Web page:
Tim Teufel talks about working with Daniel Murphy

Earlier this week at the B.A.T. dinner in New York City, Tim Teufel told reporters he will be the team’s infielder instructor this spring.

In regards to how he plans to help Daniel Murphy, and whether Murphy can ‘handle the position,’ Teufel said:

[jbox color="white"]“Well, I hope so. You know, he has some work to do. He’s played there before and he’s learned from that. He’s had knee problems and he needs to do better getting out of the way of contact – and that’s pretty much my job to help him in that area. … It’s all about feel out there. It’s very much a timing position. When you play in the middle of the field you have to know that contact is coming, it’s just a matter of when. We have to instill some timing with Murphy. This spring we will do some clockwork, put him on a clock to see the timing of things and feel the pressure. And also, how to get away from the pressure. Look, Murphy is a hard worker. … He’s very competitive in the batter’s box and I want to bring that same competitiveness to his defense.”[/jbox]

Murphy ended his last two seasons with medial collateral ligament injuries, which he suffered while playing second base.

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Brian Erni: I couldn’t agree more with what Teufel is saying about Murphy’s timing. A big component to avoiding or softening contact with a runner headed into second base comes from when you arrive at the bag and how you use it as protection. The earlier you get there isn’t necessarily better. Based on the feed from your shortstop, an effective way to work your feet around the bag is to receive the ball and push back or across the base to take yourself out of the runner’s sliding lane in one fluid motion. Sometimes, based on defensive positioning or because of a slow hit ball, a second baseman will arrive early and be waiting at the bag for the ball. Not only does that open up a larger injury risk, it limits the second baseman’s ability to get enough on his pivot throw to first base.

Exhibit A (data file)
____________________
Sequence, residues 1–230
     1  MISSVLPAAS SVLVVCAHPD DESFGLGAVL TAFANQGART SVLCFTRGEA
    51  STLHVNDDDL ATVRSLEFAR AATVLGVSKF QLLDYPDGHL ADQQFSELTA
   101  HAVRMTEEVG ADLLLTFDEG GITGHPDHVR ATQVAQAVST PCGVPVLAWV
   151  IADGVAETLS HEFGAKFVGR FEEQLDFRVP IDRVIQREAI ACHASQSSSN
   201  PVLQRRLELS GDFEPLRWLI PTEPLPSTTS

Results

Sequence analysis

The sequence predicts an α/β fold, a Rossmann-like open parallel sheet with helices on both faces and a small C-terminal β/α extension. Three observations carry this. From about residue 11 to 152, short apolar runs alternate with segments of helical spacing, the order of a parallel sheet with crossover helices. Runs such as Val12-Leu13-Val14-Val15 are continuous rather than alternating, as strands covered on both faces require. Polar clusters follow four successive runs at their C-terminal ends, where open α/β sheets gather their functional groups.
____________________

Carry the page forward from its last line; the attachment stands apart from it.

Murphy’s 2011 injury didn’t come as a failure to execute a double play, but his 2010 injury did. Learning to protect that leg by limiting the opportunities that runners have to slide into him will make or break whether Daniel can play the position full-time at the Major League level.

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Jon Scippa: Murphy actually ended up with a slightly higher zone rating than Ruben Tejada at second base last season, albeit in nearly 300 fewer innings.  Murphy is more naturally suited to play a corner infield position as he came up as a third baseman and has more innings at first in the majors than any other position.  If given 150+ games at second, he’s likely to produce below league average defense. However, his offense probably makes up for whatever negative value his glove will give the Mets at second (at least when comparing him to the team’s other options). Whether his bat makes up for his defense compared to league average is a different story…